Stopping Oregon’s Job Loss

The October employment numbers are out and they spell more bad news for Oregon. Only someone as economically illiterate as Gov. Ted Kulongoski would characterize the situation as “stabilizing” and “promising”. Yes, the new numbers indicate that Oregon’s total employment only dropped by 1,900 in October as compared to 10,000 for September; however, that same phenomena occurred in July followed by two catastrophic months. Nothing has changed in Oregon that would suggest that the October numbers are anything more than a seasonal fluctuation.

In fact, a closer look at the numbers indicates that “quality jobs” in Oregon continue to decline at an alarming rate. Another 1900 construction jobs were lost in October bringing the total lost since peak employment in August of 2007 to 28,300 — that in spite of the government signs on state highway projects declaring that they are putting Oregonians back to work. An additional 2,400 jobs were lost in Manufacturing bringing the total lost since peak employment in July of 2006 to 45,900 — that in spite of Kulongoski’s vaunted “green jobs” initiative. (Thus far the majority of “green jobs” created — wind generation — have come at a substantial cost to taxpayers in hundreds of millions in government subsidies and have resulted in higher utility prices because of government mandated use of this high priced wind generation.) And while Transportation improved by 800 jobs they are still down 29,000 jobs from peak employment in November 2007.

It is pointless to argue anymore about whom is responsible for this devastating recession. The critical point now is what are we doing about it. On a federal level the “stimulus” package has failed miserably. Most of the jobs that the Obama administration claims to have “created or saved” are bogus as detailed by news organizations throughout the United States — a series of miscounts, double counts and fiction.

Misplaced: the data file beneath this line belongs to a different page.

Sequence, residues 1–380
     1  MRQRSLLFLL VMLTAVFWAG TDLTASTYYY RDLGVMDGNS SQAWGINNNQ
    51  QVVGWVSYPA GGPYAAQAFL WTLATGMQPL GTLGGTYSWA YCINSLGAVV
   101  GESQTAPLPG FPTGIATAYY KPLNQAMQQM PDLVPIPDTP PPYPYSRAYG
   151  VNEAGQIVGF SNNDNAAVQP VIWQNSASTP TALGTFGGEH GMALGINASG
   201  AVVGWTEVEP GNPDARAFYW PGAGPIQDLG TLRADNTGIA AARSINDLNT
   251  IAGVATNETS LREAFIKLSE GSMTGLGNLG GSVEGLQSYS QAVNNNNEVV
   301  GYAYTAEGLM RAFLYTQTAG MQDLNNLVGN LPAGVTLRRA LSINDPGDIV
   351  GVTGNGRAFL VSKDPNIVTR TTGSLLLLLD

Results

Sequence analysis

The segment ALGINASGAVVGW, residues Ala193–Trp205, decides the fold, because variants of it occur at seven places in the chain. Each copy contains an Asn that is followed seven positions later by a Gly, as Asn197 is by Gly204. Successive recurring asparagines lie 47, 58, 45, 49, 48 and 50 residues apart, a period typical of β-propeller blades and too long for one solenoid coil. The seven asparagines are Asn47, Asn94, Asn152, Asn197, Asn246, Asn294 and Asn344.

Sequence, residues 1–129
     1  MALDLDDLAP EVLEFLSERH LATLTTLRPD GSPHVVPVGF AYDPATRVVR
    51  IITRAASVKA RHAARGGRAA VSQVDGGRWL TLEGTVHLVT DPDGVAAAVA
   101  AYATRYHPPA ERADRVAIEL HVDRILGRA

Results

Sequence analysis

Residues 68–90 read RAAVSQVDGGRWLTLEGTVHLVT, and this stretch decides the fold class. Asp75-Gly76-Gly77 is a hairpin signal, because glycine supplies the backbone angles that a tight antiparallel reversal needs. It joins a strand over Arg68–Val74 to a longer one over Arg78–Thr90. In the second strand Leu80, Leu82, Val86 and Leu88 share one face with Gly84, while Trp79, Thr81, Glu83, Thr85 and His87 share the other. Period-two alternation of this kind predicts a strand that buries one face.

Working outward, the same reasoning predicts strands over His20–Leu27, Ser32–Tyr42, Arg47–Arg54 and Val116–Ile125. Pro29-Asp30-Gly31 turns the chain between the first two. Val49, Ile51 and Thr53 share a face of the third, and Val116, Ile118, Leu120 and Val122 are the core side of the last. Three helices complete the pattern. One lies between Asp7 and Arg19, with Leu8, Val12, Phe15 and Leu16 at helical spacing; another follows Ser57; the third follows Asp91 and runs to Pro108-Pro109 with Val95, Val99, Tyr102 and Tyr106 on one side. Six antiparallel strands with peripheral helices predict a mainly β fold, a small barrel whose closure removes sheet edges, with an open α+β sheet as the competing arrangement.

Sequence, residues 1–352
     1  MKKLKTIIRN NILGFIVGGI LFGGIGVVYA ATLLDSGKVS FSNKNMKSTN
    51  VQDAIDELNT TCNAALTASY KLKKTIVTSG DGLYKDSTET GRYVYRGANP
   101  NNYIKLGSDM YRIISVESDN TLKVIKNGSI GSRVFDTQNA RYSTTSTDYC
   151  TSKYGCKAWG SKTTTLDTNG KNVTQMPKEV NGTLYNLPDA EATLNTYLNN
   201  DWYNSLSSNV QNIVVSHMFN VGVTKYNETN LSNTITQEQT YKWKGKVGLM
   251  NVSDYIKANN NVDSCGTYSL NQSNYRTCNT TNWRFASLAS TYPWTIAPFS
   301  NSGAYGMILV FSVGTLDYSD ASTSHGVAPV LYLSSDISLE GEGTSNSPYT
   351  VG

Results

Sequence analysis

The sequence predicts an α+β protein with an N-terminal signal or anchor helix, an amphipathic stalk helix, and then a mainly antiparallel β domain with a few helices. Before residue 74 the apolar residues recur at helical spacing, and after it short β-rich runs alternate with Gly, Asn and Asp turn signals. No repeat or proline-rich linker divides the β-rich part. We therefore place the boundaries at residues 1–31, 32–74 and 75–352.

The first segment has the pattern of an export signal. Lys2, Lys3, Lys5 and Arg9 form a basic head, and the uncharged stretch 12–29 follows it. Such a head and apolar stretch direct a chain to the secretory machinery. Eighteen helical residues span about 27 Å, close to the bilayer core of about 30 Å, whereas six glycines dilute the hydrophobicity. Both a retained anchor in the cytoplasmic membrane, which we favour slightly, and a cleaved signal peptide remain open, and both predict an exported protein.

On a state level — what? Nothing. Absolutely nothing. The Kulongoski administration and the Democrat legislature — a wholly owned affiliate of the public employee unions — are so bereft of ideas to improve the opportunity to regain employment for Oregon’s working men and women that it is simply painful to watch. Wringing one’s hands about whether we can continue to grow government while over 130,000 private sector jobs have disappeared is criminal but, sadly, the extent of their concerns.

In the meantime, officials in West Point, Georgia announced the ceremonial roll out of the first production automobile from a new Kia plant. (No it wasn’t an electric car or a hybrid, it was a midsize SUV — still the most popular vehicle in America). That plant has already created 1,000 new manufacturing jobs for Georgia and is on track to create 2,500 directly by Kia and another 2500 by suppliers. Honda is exploring expansions in Tennessee and other foreign car manufacturers are exploring opportunities in Alabama and the Carolinas. There is not even a glance toward the Pacific Northwest in general and Oregon in particular.

In contrast, Boeing has announced that it will not open a second plant in Everett to build the new Boeing 787 passenger jet. Instead it will to build the new Boeing jet in Charleston, South Carolina, where Boeing will invest at least $750 million and create 3800 new jobs directly. A Seattle area economist, Dick Conway, has estimated the multiplier effect of additional jobs at 1.7 — for every Boeing job created, another 1.7 jobs are created to support that job. Thirty years of abuse by Washington state government and local unions have created an atmosphere in which Boeing has begun a measured and appropriate migration away from its roots in Seattle/Everett to a less hostile environment outside of the Pacific Northwest.